Case Reports in Critical Care

Case Reports in Critical Care / 2015 / Article

Case Report | Open Access

Volume 2015 |Article ID 362506 | https://doi.org/10.1155/2015/362506

J. I. Alonso-Fernández, J. R. Prieto-Recio, C. García-Bernardo, I. García-Saiz, J. Rico-Feijoo, C. Aldecoa, "Cardiac and Pulmonary Ultrasound for Diagnosing TRALI", Case Reports in Critical Care, vol. 2015, Article ID 362506, 4 pages, 2015. https://doi.org/10.1155/2015/362506

Cardiac and Pulmonary Ultrasound for Diagnosing TRALI

Academic Editor: Zsolt Molnár
Received16 Aug 2015
Accepted20 Oct 2015
Published28 Oct 2015

Abstract

Unexpected acute respiratory failure after anesthesia is a diagnostic challenge: residual neuromuscular blockade, bronchial hyperresponsiveness, laryngospasm, atelectasis, aspiration pneumonitis, and other more uncommon causes should be taken into account at diagnosis. Lung ultrasound and echocardiography are diagnostic tools that would provide the differential diagnosis. We report a suspected case of a transfusion related acute lung injury (TRALI) following administration of platelets. The usefulness of lung and cardiac ultrasound is discussed to facilitate the challenging diagnosis of the acute early postoperative respiratory failure.

1. Introduction

Respiratory failure which happens unexpectedly after anesthesia is a diagnostic challenge. Several concurrent causes in emergent surgery could explain respiratory distress and postoperative hypoxemia: residual neuromuscular blockade, bronchial hyperresponsiveness, laryngospasm, atelectasis, chemical pneumonitis, and other rarer causes such as heart failure by volume overload, ARDS due to a septic process, pulmonary embolism, or acute respiratory distress due to transfusion reactions.

2. Case Report

We report the case of a 56-year-old woman with personal history of smoking, dyslipidemia, hypertension, overweight (BMI 28), and amaurosis fugax episode whereby continued antiplatelet therapy with clopidogrel. The patient came to the emergency room for severe abdominal pain in the right lower quadrant with nausea and vomiting of 24-hour duration. The examination revealed abdominal distension, painful palpation in the right iliac fossa, and decreased bowel sounds.

The woman underwent abdominal ultrasound, which reported appendage of increased caliber with thickened wall, data compatible with uncomplicated acute appendicitis. She entered the surgery department, beginning antibiotic treatment with amoxicillin/clavulanic and deciding urgent open intervention. The preintervention clinical situation was stable from both respiratory and hemodynamic points of view. The laboratory exams and X-ray exams were also normal before the surgery.

It was decided to administer a pool of platelets, obtained by apheresis with a volume of 250 cc in 30 minutes, half an hour before intervention due to platelet dysfunction by clopidogrel. Pharmacological induction of anesthesia with propofol, fentanyl, and rocuronium was performed. Standard monitorization included SpO2, ECG, and noninvasive arterial pressure and neuromuscular block monitoring was applied. Intubation was performed without any problems including vomiting or aspiration. After induction elevated airway pressures were evident, without bronchospasm signs in the auscultation, improving after lung recruitment maneuvers. Subsequently she remained stable from both respiratory and hemodynamic points of view during the whole intervention. The surgery lasted 60 minutes. No general peritonitis was observed. Extubation was performed when the Train of Four ratio was higher than 0.9 and the conscious was recovered. After extubation, while staying at the postanesthesia care unit fifteen minutes after the extubation, she presented with progressive dyspnea, cyanosis, and severe agitation which may be related to the hypoxia and necessitated the administration of high-flow oxygen. A lung auscultation showed no rales, rhonchi, or wheezing. She was moved to the Resuscitation Unit where she persisted in need of high concentrations of oxygen. The patient remained hemodynamically stable without tachycardia and in sinus rhythm. No hypothermia and shivering were observed.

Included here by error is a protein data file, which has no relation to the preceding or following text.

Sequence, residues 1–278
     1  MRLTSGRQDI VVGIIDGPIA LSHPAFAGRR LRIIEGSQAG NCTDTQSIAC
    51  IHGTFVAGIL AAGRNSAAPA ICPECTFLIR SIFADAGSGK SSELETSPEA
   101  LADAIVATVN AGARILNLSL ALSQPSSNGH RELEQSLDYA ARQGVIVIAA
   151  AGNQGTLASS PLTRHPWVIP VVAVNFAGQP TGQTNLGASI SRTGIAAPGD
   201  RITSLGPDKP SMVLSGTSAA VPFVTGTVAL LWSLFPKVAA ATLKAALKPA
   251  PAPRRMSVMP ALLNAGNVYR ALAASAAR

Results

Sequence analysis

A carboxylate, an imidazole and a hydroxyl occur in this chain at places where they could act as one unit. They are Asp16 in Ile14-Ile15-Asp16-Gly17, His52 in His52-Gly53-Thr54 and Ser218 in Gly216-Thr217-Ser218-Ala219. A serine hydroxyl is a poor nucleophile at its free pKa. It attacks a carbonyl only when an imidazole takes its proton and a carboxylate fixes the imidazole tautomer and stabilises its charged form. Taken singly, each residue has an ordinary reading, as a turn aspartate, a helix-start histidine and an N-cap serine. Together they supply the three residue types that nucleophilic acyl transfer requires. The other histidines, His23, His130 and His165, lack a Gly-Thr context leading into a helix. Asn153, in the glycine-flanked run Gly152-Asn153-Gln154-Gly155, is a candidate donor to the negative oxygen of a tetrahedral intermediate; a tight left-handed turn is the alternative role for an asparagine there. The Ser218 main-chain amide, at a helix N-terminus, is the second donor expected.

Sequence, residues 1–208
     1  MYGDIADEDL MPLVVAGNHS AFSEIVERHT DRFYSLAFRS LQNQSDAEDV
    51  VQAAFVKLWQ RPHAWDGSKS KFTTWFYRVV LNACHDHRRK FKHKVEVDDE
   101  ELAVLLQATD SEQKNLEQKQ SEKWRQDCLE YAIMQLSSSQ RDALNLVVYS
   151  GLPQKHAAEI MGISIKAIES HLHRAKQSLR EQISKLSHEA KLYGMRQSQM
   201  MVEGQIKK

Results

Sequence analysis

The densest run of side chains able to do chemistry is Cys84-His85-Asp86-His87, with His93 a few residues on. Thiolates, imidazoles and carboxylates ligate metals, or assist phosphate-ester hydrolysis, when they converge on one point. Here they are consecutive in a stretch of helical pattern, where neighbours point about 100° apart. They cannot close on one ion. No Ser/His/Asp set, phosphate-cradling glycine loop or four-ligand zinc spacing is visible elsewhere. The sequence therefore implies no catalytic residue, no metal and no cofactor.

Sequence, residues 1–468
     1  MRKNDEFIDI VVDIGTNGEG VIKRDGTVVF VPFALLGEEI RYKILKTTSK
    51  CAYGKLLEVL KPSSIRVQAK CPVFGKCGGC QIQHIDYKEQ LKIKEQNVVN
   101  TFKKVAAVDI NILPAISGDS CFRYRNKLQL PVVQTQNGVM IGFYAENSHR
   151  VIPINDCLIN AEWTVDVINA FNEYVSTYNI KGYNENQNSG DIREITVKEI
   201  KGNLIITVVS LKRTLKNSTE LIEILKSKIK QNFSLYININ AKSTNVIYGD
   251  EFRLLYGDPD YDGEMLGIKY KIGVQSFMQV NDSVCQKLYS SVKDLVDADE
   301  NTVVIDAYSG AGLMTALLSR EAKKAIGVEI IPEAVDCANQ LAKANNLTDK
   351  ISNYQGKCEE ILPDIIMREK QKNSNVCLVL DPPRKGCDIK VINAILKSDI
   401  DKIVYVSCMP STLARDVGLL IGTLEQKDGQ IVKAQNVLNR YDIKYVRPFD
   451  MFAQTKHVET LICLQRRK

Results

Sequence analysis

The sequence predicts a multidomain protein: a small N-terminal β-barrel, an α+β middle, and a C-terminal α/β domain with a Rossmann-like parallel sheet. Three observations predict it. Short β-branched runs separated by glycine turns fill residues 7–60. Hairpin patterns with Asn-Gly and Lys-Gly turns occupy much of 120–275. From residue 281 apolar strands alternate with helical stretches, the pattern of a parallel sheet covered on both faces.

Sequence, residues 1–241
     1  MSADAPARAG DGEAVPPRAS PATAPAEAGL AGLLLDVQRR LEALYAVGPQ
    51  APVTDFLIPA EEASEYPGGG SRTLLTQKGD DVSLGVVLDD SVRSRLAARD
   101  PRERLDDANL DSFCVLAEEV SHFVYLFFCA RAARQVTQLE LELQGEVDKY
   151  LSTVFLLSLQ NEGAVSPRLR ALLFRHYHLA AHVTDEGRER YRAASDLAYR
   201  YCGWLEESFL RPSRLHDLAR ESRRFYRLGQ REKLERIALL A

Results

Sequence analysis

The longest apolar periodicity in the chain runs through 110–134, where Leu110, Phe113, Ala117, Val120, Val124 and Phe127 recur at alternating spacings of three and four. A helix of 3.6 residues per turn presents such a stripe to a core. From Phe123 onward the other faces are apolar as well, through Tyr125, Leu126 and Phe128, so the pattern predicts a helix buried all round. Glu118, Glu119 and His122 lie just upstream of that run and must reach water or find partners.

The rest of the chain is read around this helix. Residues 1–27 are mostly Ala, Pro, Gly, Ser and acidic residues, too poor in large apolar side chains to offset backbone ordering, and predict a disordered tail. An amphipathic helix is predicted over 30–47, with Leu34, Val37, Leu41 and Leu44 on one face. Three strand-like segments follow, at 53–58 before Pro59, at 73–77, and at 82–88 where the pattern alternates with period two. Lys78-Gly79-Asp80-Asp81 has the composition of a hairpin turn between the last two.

She underwent an urgent echocardiogram by an expert operator showing cardiac chambers of normal size, preserved systolic function, and normal pattern of relaxation filling mitral = 6.2 (lateral measures) and the tissue Doppler shows minor compared to (see Figure 1). Also the presence of significant valvular and pericardial effusion was discarded. In the thoracic ultrasound the presence of B lines and areas of subpleural condensation in both hemithoraces were shown (see Figure 1). An urgent chest radiograph was requested showing the presence of bilateral pulmonary infiltrates, not present previously on admission. Noninvasive mechanical ventilation was established after the TEE and the results were observed. Arterial blood and gas analysis were repeated, confirming the existence of moderate respiratory failure (PaO2/FiO2 = 84/0.6 = 140).

Faced with the possibility of having platelet transfusion reaction, it was reported to the Hematology Department that dismissed the remaining blood components from the same donor. Procalcitonin and lactate were also requested, showing values within normal ranges. Diuretic therapy was initiated without improvement of pulmonary infiltrates in the following hours. In serial radiographs in 48 hours, the pulmonary infiltrates persisted. She remained hemodynamically stable during the next three days. The antibiotic treatment was discontinued on the third day of admission due to lack of fever and leukocytosis. From a respiratory point of view she needed noninvasive ventilation with pressure support of 15 cmH2O. The patient was discharged with supplemental oxygen by nasal cannula on the fifth day of admission in the Resuscitation Unit. X-ray and lung ultrasound at discharging were normal.

3. Discussion